Prayer by Fr. Brad Peterson, O.Carm
Many of us have made New Year’s resolutions to improve ourselves and our lives. Some common ones concern our bodies: exercise more, eat less, lose weight. Others have to do with our intellect: read more good books, waste less time on mindless television or video games. Others have to do with our morality: gossip less, judge others less, be more charitable. Some have to do with our spirituality: read the Bible more, study the faith more, attend Mass more often, pray more.
The last resolution I listed regarding prayer can have a big impact on the rest of our lives and help us to grow as human beings. Many wonder how to pray more. Does it mean spending more time saying more prayers? For some it might, but when it comes to prayer, the quality is more important than the quantity. If we do not get anything out of our time dedicated to prayer, we might drop this resolution quickly.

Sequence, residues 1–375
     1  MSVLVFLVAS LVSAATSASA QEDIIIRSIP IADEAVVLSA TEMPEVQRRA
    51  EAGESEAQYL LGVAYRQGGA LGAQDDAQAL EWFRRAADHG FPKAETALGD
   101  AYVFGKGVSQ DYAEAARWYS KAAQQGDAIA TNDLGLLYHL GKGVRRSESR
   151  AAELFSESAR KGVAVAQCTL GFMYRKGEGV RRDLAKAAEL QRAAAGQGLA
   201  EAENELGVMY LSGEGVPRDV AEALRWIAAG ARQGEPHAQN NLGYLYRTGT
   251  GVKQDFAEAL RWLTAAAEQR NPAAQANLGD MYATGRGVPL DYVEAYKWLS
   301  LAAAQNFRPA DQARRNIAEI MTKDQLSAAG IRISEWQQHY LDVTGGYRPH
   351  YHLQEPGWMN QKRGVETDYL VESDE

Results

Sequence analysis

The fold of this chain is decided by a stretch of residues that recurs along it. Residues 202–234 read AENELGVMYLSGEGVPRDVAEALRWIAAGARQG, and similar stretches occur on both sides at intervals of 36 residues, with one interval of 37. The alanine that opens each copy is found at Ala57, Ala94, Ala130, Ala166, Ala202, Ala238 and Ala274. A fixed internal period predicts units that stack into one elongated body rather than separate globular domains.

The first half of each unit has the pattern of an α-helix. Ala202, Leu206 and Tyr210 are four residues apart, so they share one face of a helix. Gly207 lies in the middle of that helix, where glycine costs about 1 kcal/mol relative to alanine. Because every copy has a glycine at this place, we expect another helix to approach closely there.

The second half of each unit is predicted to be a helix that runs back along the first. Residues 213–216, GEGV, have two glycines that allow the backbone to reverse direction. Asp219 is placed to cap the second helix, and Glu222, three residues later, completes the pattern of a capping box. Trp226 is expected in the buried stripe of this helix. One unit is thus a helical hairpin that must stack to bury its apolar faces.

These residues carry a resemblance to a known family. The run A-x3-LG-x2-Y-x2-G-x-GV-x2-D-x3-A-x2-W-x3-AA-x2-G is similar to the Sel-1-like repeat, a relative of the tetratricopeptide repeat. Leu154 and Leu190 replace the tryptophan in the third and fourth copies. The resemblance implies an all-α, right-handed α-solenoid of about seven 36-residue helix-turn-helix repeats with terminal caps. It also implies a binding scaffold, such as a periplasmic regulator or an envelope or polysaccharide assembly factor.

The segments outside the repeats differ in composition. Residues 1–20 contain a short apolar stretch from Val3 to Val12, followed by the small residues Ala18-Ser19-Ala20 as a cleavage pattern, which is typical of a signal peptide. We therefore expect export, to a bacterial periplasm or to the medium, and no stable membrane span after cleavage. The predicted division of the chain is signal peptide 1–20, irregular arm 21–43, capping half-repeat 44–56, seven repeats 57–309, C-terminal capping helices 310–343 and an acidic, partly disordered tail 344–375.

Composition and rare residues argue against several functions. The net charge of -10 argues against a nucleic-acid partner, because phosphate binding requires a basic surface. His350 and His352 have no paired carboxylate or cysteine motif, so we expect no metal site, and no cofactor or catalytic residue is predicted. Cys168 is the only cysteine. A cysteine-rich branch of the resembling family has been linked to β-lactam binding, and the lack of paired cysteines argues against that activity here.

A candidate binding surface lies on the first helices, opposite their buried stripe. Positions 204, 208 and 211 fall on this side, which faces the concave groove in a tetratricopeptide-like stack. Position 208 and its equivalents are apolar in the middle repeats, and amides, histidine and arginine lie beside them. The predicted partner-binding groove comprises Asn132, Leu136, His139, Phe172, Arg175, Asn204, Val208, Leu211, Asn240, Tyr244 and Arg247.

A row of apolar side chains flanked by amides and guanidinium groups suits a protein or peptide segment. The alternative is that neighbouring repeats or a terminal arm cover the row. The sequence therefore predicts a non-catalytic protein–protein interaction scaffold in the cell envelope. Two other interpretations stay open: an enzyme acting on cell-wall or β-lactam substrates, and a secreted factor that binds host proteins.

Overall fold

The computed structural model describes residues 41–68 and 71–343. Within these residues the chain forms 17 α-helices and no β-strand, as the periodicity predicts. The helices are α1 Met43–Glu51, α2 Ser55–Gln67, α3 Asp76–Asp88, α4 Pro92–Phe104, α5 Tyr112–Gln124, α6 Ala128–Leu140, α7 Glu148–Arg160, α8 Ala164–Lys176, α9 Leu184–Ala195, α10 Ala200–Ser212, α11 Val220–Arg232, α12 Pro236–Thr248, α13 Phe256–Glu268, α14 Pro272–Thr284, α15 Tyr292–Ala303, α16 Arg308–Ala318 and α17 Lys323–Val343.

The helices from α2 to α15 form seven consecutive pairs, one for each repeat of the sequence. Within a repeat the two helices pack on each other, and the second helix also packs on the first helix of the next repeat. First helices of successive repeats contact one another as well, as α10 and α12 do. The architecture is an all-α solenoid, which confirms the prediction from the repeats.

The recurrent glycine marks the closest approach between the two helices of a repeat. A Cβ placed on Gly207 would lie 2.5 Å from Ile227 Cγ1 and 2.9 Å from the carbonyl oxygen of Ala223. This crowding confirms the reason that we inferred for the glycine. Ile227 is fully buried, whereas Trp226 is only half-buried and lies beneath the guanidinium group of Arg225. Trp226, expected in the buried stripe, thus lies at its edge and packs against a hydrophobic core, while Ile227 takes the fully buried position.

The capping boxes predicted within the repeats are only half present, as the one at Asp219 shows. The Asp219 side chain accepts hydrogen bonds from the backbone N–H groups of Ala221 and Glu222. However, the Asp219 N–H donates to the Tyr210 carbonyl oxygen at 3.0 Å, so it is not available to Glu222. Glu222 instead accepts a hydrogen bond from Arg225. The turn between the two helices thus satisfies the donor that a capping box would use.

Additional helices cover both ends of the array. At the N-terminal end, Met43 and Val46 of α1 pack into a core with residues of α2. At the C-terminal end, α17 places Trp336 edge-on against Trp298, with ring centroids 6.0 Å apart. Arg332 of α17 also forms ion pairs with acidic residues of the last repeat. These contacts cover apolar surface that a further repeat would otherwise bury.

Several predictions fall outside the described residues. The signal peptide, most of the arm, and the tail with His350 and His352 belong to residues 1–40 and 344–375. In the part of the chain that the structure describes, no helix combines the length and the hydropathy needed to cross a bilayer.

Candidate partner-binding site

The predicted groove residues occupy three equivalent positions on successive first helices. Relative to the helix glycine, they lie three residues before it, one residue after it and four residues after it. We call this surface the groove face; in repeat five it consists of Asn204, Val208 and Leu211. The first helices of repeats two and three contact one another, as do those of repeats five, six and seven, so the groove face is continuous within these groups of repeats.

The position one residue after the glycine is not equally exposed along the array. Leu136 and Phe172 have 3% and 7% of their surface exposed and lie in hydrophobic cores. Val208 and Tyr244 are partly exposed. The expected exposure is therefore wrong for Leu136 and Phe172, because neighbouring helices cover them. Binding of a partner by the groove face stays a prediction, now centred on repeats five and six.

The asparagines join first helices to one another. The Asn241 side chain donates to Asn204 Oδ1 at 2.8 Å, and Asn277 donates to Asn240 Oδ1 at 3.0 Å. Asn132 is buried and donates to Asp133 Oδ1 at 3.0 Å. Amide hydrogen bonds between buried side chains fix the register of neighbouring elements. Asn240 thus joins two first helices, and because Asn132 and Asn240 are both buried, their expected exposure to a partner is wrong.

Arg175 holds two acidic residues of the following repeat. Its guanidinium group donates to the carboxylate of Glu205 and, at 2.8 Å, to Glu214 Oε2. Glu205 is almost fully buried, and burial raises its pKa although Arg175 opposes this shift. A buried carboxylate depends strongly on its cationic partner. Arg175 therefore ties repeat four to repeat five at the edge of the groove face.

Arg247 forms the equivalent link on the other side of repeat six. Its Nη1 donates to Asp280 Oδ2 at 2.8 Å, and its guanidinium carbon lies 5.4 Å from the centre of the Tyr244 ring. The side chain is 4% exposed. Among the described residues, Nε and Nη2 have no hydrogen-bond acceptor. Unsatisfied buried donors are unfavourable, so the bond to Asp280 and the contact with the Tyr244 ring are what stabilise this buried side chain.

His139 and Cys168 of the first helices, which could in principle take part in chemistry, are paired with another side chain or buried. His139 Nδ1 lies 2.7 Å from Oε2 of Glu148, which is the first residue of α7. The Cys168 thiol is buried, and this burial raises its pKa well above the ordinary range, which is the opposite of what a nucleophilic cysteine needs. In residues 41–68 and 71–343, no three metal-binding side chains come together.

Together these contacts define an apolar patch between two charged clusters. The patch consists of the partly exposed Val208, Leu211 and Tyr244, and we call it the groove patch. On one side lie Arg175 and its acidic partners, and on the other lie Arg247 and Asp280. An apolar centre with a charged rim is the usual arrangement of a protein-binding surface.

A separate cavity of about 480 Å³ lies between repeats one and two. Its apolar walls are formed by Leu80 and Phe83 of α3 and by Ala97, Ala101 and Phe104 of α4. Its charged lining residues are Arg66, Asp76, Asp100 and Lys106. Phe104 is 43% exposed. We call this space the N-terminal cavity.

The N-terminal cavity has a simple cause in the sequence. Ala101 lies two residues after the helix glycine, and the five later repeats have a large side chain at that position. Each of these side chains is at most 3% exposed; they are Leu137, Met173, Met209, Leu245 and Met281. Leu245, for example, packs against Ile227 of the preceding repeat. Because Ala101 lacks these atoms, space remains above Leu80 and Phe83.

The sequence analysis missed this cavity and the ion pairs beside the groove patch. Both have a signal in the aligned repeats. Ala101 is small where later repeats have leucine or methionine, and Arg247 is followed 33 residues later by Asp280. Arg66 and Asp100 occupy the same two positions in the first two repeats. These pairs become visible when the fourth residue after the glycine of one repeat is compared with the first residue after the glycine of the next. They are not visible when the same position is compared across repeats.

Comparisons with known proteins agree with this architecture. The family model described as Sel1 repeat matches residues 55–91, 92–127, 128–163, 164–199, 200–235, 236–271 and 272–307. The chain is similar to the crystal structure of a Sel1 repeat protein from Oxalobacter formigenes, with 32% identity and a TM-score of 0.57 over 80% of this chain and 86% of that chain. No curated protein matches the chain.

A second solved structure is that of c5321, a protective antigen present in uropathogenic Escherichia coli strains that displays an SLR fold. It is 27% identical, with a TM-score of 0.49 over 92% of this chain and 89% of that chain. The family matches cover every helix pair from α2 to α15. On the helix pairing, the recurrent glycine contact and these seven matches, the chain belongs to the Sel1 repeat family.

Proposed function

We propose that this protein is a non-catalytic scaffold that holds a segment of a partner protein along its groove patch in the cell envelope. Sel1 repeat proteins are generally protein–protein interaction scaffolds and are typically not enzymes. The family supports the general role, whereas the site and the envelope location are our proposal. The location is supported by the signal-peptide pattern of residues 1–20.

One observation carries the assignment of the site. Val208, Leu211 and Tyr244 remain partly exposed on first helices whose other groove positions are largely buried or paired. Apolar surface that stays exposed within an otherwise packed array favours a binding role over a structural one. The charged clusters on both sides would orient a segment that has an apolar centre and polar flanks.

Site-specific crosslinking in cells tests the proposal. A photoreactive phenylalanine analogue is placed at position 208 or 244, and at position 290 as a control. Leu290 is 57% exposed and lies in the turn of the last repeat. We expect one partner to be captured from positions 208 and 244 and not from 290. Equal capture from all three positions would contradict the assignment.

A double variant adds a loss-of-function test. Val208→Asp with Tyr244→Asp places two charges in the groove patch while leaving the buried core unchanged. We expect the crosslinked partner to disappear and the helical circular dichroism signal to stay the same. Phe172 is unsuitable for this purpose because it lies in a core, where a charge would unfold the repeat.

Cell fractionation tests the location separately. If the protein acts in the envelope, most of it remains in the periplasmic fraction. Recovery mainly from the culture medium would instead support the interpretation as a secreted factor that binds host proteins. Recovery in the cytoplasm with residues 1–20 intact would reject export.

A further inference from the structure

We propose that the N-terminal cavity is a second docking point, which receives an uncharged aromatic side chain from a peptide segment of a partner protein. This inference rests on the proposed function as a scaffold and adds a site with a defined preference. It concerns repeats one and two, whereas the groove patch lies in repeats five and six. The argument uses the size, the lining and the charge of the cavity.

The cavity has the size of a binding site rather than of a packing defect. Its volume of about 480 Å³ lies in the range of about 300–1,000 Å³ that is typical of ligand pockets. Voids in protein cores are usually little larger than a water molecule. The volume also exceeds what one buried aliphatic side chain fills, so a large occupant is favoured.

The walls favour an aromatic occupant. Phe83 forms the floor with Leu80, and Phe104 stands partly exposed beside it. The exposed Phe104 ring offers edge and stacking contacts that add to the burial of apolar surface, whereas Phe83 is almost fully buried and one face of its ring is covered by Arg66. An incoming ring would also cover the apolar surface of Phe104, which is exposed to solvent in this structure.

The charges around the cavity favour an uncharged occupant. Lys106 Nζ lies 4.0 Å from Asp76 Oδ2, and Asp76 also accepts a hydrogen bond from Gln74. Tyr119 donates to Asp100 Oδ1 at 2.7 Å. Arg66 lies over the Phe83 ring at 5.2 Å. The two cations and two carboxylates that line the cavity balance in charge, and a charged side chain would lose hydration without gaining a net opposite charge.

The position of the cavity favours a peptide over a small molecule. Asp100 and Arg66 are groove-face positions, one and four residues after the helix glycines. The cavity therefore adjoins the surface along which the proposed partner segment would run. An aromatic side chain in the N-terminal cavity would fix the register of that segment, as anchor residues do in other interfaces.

In the book “Story of a Soul” St. Therese of Lisieux gave us a simple description of prayer: “For me, prayer is a surge of the heart; it is a simple look toward heaven; it is a cry of recognition and love; embracing both trial and joy.”
I appreciate this description of prayer, because it applies to any situation we might face, whether trial or joy. It calls us to look to heaven for our help, but also with our love. It begins in the heart, where the love of God, neighbor, and self exist together. It is not limited to one particular way of praying, but applies to all forms of prayer.
After the recent tragedy in Tucson, we have heard many heartfelt prayers for the victims, their families, and for our country. We pray for the recovery of the wounded, and for recovery of a more neighborly society.
Let us resolve to live this year as more prayerful people.
Fr. Bradley Peterson, O. Carm.